"Guid Nychburris" Dumfries by WhispersWest
Dumfries Travel Guide: 80 reviews and 77 photos
Some were amazed when I chose such an "out-of-the-way" spot for my first few days in Scotland. I wanted to walk the streets that my Gran's ancestors had walked. Perhaps, I was hoping to see her in a stranger that passed by and in doing so reconnect with her once again. I never saw that glimpse but what I found was the most warm and wonderful of places.
Dumfries (pronounced dum-freece, not dum-fries) (Dùn Phris in Scottish Gaelic) is a former royal burgh and town with a population of around 31,146 (37,846 including the Locharbriggs and Cargenbridge areas). It sits close to the Solway Firth near the mouth of the River Nith in the south west of Scotland, and was the county town of the former county of Dumfriesshire.
A number of well-known people were educated at Dumfries Academy, among them James Matthew Barrie, author of Peter Pan, John Laurie, actor (Private Frazer in Dad's Army), and Jane Haining, missionary. Dumfries is also the hometown of former F1 racer Allan McNish. Dumfries was the "hometown" of Burns while he lived there, but Burns was born in Ayrshire and spent many years there before moving to Dumfriesshire. Also Ray Wilson, lead singer of Stiltskin and later Genesis was born in Dumfries.
My boys & I had the good fortune to arrive on the weekend of Guid Nychburris, the main festival of the year, a ceremony which is largely based on the theme of a positive community spirit. Each summer the Royal Burghs of the region come alive to the sound of hundreds of horsemen, checking the boundaries of their town in the annual Riding of the Marches. This ancient tradition goes back centuries and forms the focal point for week long celebrations in many of the towns in Dumfries & Galloway, such as Langholm, Annan, Dumfries and Sanquhar. You can enjoy a parade by the horsemen followed by pipe and brass bands, marching through the main streets, followed, of course, by lively celebrations in the towns' public houses!
On Saturday morning, the "Cornet" and the "Cornet's Lass" lead a party that rides around the town boundaries on horseback. They passed in front of the B&B in which we were staying, standing long enough for me to snap the only picture I was able to take before my camera battery gave out! They lay a wreath at the base of a memorial honoring their war dead. It was one of our most favorite moments. We were even able to walk to the town centre and enjoy watching the dancing and singing that was going on throughout the square.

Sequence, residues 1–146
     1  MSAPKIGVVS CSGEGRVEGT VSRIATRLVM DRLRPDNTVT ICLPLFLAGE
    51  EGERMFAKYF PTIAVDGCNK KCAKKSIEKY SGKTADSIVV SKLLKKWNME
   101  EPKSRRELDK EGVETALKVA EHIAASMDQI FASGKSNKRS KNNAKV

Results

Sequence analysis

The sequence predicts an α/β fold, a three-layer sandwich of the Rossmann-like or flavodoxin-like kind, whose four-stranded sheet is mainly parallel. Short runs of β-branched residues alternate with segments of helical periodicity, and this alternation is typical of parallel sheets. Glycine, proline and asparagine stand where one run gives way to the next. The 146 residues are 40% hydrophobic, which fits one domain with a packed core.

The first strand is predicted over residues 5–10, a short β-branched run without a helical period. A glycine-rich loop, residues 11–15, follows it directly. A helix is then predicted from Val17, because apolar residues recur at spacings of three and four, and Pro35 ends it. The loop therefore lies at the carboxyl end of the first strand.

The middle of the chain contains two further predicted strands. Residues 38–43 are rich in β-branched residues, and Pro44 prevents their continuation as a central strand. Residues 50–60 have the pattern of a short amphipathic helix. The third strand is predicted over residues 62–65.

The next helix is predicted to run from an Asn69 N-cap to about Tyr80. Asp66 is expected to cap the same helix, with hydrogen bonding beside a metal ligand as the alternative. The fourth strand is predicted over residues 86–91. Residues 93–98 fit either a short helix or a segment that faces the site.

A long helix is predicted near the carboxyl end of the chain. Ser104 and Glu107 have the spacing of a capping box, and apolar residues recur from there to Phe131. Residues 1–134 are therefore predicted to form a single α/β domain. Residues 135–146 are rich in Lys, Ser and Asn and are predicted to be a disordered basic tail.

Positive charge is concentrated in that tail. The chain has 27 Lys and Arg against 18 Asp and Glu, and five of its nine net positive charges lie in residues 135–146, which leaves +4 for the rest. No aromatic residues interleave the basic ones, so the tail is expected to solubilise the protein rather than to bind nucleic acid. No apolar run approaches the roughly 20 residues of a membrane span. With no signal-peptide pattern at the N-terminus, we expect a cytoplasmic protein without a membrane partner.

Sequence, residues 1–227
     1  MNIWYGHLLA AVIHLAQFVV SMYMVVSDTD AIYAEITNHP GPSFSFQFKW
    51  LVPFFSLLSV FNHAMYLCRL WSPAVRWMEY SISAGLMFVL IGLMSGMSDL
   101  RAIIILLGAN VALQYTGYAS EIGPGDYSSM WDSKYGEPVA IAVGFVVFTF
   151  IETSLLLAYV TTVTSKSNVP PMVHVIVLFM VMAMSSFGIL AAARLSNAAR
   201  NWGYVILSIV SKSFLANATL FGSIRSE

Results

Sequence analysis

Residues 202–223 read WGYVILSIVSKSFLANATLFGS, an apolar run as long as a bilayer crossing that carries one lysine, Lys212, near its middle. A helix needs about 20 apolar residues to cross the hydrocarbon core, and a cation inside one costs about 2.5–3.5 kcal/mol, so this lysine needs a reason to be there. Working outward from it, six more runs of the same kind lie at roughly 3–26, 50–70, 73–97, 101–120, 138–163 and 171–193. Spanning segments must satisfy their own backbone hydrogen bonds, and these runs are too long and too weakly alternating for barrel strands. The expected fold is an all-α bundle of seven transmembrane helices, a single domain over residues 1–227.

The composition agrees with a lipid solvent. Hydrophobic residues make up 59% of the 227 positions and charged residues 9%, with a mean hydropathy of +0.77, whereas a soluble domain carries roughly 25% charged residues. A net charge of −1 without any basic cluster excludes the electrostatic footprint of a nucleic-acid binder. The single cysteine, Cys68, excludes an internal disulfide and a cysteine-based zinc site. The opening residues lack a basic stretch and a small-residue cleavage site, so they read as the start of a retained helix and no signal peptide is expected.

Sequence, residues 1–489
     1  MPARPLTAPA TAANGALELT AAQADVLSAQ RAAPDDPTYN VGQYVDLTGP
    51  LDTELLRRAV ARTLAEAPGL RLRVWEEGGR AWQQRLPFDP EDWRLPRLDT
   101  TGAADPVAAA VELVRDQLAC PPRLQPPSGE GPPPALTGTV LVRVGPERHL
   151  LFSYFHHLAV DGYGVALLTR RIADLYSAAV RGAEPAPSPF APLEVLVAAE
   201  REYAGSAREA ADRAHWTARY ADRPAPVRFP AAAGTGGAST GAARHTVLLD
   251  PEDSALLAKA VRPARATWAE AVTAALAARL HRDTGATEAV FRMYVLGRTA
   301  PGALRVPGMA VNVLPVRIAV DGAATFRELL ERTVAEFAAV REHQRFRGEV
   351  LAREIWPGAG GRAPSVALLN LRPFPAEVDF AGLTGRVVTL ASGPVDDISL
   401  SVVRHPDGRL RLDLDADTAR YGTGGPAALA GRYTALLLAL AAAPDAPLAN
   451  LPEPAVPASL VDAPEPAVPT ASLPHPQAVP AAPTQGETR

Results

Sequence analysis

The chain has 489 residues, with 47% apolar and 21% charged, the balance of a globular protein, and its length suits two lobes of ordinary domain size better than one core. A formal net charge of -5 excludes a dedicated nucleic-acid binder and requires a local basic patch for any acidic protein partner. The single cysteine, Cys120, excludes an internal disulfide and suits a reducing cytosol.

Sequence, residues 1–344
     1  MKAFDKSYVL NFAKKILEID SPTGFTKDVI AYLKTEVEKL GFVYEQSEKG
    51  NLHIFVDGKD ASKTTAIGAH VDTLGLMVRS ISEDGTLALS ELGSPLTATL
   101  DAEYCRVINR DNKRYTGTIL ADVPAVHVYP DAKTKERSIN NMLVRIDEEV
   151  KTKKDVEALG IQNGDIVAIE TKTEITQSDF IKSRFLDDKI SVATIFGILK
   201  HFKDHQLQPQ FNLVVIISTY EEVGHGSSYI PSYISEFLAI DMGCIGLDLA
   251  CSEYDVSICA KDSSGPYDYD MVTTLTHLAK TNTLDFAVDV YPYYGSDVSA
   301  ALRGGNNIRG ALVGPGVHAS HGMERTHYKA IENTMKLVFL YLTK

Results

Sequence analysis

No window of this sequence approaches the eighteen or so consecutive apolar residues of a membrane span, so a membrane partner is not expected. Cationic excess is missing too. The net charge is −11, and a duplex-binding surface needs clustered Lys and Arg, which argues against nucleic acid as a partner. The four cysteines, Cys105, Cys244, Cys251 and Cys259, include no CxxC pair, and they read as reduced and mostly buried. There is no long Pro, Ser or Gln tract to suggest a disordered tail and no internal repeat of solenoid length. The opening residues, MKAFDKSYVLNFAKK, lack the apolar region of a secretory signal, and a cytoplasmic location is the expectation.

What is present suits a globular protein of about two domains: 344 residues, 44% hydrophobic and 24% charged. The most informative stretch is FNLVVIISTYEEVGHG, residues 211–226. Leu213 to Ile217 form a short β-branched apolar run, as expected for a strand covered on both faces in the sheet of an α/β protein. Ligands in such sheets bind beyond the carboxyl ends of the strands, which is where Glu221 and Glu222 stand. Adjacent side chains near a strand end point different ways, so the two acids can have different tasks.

Sometimes, "off the beaten track" is the best place to be!
Dumfries was the hometown of Robert Burns from 1759 until his death in 1796. The poet is now buried in St. Michael’s Churchyard in the Burns Mausoleum.
It's easy to see why Robert Burns was such a passionate man. Inspired by the land he loved and the women he wooed, Burns wrote some of his most memorable work in Dumfries & Galloway.
Scotland's National Bard spent much of his adult life in and around Dumfries, dying here aged just 37, and was active and outspoken in the local community. He was a man of deep thought and strong opinions, whose political views were considered revolutionary for the time. While his most famous works such as Auld Lang Syne and Ae Fond Kiss were written with a romantic and timeless grace in Dumfries & Galloway, he also wrote some of his most politically scathing work here, frustrated by his work as an exciseman and critical of the establishment of the day.
Robert Burns is remembered fondly throughout Dumfries & Galloway and there are many places to visit today which celebrate their historical connections with him. Travel the long coastline where he sought out smugglers in hidden coves. Visit his home, his farm or his favourite inn. Or simply look upon his likeness, a centrepiece in the town proud to remember him as its adopted son.
I was thrilled, as possibly only a writer could be, to stand in the bedroom of Robbie Burns at The Globe Inn and run my fingers over the words he had etched into the glass he happened to be in reach of when the Muse struck,
"O lovely Polly Stewart
O charming Polly Stewart
There's not a flower that blooms in May
That's half so fair as thou art".
A word of warning, don't sit in Robert's cahir unless you know his verse well enough to recite! You will end up buying the house a round shoudl you fail.
- Pros:Excellent area for walkers, anglers, lovers of history
- Cons:traffic can get congested
- In a nutshell:Where old & new intertwine to fascinate!
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